1. What’s next for the Yankees?
The Yankees hearkened back to their Evil Empire days with yesterday’s blockbuster acquisition of Juan Soto, who came to the Bronx alongside Trent Grisham in a trade sending five players back to the Padres. The Yanks now have a projected $278MM payroll and an even heftier $290MM worth of luxury-tax obligations, but it doesn’t seem they’re done. Because the Yankees traded four pitchers — current starter Michael King, depth arms Jhony Brito and Randy Vasquez, and top prospect Drew Thorpe — in order to add Soto, further maneuvering to bring some starting pitching into the fold seems likely. That could even be a high-end arm. Yoshinobu Yamamoto remains a free agent, and he’s slated to meet with the Yankees on Monday. They’ve also been tied to a (much) lower-cost reunion with rebound candidate Frankie Montas after an injury-ruined Yankees tenure.
2. Will the Reds move an infielder for pitching help?
There’d been plenty of talk about the Reds possibly trading Jonathan India even before last night — though president of baseball operations Nick Krall has worked to downplay it. Cincinnati already had a wealth of infield talent in the form of India, Spencer Steer, Matt McLain, Noelvi Marte, Elly De La Cruz and Christian Encarnacion-Strand all having reached the big leagues. Wednesday evening’s surprise addition of Jeimer Candelario on a three-year deal likely pushes Steer into left field on a full-time basis. Even still, that leaves the Reds with six infielders for four spots — five if you include a potential rotational usage of the designated hitter spots.
There’s plenty of versatility among the bunch. Candelario can play both corners. De La Cruz can play third and short, as can Marte. McLain can play both middle infield spots. Krall spoke just yesterday about India possibly moving around the infield in a utility capacity. And, of course, injuries are a near inevitability for any big league club. Still, as the Reds look to bolster their rotation, it’s hard not to wonder whether that infield depth will be used to facilitate a trade. They’ve balked at the price for Dylan Cease thus far and might be loath to part with a controllable infielder for one year of either Shane Bieber or Tyler Glasnow, but there could yet be other creative opportunities for Cincinnati to explore. The Marlins are again listening on their bevy of arms, for instance, and with so much infield talent to peddle, Krall might be able to convince another team that’s not an obvious seller of starting pitching to part with an unexpected arm.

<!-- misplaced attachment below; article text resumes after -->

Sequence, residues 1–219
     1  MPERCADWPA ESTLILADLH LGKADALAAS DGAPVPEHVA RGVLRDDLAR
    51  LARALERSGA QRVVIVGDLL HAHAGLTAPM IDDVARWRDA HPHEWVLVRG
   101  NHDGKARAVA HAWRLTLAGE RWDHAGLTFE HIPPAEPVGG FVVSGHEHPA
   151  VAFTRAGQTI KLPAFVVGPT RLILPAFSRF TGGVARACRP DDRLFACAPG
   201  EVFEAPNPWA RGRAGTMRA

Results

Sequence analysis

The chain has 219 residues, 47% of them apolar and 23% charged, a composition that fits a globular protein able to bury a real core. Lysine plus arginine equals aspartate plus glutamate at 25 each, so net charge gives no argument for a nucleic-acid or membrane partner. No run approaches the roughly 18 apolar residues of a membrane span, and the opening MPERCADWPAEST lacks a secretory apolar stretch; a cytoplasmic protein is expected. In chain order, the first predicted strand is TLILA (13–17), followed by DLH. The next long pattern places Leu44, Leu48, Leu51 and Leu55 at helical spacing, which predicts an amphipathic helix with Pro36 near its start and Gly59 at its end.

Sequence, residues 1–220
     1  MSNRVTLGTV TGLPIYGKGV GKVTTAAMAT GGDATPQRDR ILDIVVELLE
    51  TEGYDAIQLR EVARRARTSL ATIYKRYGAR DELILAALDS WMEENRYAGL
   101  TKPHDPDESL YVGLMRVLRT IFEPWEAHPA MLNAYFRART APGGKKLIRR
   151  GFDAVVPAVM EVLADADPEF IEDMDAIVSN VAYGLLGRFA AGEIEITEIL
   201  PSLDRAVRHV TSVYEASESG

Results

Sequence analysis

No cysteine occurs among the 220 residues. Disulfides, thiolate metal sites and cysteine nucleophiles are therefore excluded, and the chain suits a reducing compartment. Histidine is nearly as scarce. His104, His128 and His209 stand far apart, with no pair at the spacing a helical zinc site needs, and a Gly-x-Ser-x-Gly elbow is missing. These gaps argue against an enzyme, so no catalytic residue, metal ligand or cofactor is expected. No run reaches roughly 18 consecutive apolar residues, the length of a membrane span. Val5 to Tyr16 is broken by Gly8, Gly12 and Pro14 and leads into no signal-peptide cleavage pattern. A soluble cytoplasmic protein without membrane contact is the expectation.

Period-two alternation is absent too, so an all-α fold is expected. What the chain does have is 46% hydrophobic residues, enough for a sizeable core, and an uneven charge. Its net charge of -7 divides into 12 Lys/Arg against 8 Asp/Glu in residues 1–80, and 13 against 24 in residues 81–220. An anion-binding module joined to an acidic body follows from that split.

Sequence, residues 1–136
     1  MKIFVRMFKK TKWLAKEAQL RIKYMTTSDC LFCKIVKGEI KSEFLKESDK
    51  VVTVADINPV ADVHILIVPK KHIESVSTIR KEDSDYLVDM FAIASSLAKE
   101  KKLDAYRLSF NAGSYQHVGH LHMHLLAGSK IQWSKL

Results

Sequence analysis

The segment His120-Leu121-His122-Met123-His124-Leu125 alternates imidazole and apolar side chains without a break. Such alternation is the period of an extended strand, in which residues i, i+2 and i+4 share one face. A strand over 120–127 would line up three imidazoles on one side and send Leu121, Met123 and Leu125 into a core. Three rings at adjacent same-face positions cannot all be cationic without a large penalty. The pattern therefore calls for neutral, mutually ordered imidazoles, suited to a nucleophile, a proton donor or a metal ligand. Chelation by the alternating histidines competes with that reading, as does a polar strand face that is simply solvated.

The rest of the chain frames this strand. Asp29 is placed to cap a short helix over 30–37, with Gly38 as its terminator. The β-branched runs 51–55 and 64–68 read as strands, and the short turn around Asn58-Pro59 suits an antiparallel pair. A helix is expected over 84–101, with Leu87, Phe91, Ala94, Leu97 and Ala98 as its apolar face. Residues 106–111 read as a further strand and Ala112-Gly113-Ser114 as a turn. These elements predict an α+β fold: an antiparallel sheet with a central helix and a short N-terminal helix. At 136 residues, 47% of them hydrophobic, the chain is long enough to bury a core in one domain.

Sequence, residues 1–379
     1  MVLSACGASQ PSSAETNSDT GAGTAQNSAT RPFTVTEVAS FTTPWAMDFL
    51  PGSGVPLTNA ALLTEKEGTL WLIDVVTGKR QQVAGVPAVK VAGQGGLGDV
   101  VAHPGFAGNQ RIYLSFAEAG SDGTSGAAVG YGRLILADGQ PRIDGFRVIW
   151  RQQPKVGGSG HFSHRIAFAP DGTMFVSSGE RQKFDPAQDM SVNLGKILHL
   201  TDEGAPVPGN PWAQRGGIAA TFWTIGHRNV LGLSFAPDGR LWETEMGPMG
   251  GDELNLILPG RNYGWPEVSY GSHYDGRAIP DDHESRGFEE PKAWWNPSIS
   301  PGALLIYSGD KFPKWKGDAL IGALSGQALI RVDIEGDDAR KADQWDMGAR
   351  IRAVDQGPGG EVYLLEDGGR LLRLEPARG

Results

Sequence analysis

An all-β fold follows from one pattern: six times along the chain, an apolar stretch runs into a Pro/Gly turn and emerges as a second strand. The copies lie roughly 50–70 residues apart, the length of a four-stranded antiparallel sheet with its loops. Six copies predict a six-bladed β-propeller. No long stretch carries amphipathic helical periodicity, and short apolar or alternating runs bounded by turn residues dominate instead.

3. All eyes (still) on Shohei:
Shohei Ohtani continues to hold up the top end of the free-agent and trade markets, to varying extents. However, he’s ostensibly met with the majority (if not all) of his suitors by now, and MLB.com’s Jon Morosi suggested yesterday that Ohtani is “expected” to make a decision on his free agent destination before the conclusion of this weekend. The Dodgers, Blue Jays, Giants and Angels are believed to be finalists, and Cubs president Jed Hoyer earlier this week denied reports that his club has become pessimistic in its quest to sign the two-way star.